The search-warrant affidavit at issue here states that Foster was seen “dealing large amounts of suspected crack cocaine and was in the possession of a 32 caliber silver revolver within the last 72 hours.” It further states that “the [confidential informant] told [Officer Lehner] that when they had been inside Foster’s apartment within the last 72 hours, the [confidential informant] observed Foster in possession of a 32 caliber silver handgun.” Foster asserts that only the possession of the firearm was observed “within the last 72 hours,” not any illegal activity. But the district court concluded that the search-warrant application “contained information from a [confidential informant] who recently saw crack cocaine and a gun inside [Foster’s] apartment.”
The reference to “within the last 72 hours” is capable of two reasonable interpretations, one of which is that this is the time frame during which the confidential informant observed Foster both selling crack cocaine and in possession of a firearm. This interpretation of the affidavit’s language provides a substantial basis for the issuing magistrate to conclude that probable cause exists, a conclusion to which we afford great deference. State v. Rochefort, 631 N.W.2d 802, 804 (Minn. 2001); see State v. McCloskey, 453 N.W.2d 700, 704 (Minn. 1990) (suggesting “that the resolution of doubtful or marginal cases should be largely determined by the preference to be accorded to warrants” (quotation omitted)). Although more precise language in the affidavit would be preferable because it would eliminate any ambiguity, the district court’s interpretation of the search-warrant affidavit was reasonable. When considered in its totality, the information in the affidavit establishes a time frame for the illegal activity.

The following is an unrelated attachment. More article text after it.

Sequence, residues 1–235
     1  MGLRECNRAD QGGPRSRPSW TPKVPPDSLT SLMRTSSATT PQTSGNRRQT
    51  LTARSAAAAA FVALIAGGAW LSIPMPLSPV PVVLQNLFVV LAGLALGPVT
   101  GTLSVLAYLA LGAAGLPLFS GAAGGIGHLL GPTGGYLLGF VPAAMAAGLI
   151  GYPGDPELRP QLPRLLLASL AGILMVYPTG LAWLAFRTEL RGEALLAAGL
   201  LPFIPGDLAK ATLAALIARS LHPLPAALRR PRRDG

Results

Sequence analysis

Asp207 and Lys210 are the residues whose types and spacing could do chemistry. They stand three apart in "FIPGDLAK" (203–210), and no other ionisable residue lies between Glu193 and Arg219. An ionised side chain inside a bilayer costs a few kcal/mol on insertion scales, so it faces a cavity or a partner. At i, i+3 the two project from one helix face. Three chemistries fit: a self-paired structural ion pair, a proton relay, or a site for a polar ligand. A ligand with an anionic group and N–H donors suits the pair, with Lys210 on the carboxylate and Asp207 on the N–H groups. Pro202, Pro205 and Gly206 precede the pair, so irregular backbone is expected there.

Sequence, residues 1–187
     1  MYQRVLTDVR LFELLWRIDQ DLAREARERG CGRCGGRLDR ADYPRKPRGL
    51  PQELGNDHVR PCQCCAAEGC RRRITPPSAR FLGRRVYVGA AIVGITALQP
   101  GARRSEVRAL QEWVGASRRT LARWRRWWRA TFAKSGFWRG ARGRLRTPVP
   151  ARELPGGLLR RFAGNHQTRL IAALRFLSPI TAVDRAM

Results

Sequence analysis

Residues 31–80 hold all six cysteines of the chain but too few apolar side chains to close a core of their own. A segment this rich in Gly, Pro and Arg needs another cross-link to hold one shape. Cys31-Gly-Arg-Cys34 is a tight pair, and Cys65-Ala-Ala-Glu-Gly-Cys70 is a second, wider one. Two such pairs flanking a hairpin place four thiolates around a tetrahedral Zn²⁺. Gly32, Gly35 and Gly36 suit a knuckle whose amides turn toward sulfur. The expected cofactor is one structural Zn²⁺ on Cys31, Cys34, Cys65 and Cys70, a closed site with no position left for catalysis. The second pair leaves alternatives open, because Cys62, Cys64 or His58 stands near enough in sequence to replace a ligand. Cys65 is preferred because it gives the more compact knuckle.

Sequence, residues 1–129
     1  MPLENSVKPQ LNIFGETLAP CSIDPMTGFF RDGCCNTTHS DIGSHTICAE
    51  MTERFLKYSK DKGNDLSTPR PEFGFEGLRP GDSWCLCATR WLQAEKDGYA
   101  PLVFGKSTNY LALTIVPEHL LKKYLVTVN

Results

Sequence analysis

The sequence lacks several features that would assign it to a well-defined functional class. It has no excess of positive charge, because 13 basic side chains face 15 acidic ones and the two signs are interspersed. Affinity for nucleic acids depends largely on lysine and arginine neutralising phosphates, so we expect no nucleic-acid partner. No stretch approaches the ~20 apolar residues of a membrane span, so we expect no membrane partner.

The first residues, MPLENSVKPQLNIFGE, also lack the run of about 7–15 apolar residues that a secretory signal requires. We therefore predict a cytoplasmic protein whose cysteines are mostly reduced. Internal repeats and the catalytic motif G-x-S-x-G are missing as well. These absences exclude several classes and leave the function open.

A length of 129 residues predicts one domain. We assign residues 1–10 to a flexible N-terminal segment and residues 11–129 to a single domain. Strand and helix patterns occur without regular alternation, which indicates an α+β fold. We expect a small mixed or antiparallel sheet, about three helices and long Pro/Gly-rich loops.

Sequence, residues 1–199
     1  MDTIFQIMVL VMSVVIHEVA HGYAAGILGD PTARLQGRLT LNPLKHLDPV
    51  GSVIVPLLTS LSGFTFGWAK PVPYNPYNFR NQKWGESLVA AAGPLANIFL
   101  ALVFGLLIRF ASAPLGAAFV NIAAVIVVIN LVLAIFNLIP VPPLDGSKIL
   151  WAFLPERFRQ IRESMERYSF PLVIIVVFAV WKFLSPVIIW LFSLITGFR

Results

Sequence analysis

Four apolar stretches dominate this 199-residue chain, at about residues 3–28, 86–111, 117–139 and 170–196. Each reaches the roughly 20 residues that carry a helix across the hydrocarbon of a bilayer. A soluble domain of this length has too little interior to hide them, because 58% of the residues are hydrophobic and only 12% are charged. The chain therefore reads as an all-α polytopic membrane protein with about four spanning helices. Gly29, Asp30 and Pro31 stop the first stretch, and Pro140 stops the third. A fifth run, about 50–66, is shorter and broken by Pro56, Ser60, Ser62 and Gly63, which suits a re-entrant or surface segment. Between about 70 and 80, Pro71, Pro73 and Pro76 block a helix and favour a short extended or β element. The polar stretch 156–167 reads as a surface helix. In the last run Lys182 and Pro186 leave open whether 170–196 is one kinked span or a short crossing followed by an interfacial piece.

Foster also argues that the search warrant is deficient because it did not establish the confidential informant’s reliability. All facts relating to the confidential informant should be considered in weighing reliability. State v. Souto, 578 N.W.2d 744, 750 (Minn. 1998). A confidential informant’s reliability may be demonstrated if the confidential informant previously has given officers correct information, but the affidavit must explicitly state this to be the case. Wiley, 366 N.W.2d at 269 n.1. The level of detail in a confidential informant’s report and whether the information provided is independently corroborated by law-enforcement officers are important factors in evaluating a confidential informant’s reliability. State v. Cook, 610 N.W.2d 664, 668 (Minn. App. 2000), review denied (Minn. July 25, 2000); see also Wiley, 366 N.W.2d at 269 (stating that corroboration of even minor details can “lend credence” to confidential informant’s information). “Recent personal observation of incriminating conduct” is a preferred basis for a confidential informant’s knowledge. Wiley, 366 N.W.2d at 269.
The district court concluded that the confidential
informant “has an established track record of reliability based on the [confidential]
informant’s past successful dealings with law enforcement personnel.” The affidavit states that the confidential
informant “has broad knowledge of narcotics and the illicit drug trafficking
trade” and has “provided information to [Officer Lehner] in the past that has
proven to be reliable and factual” and has “resulted in the seizure of amounts [of]
narcotics.” This is precisely the type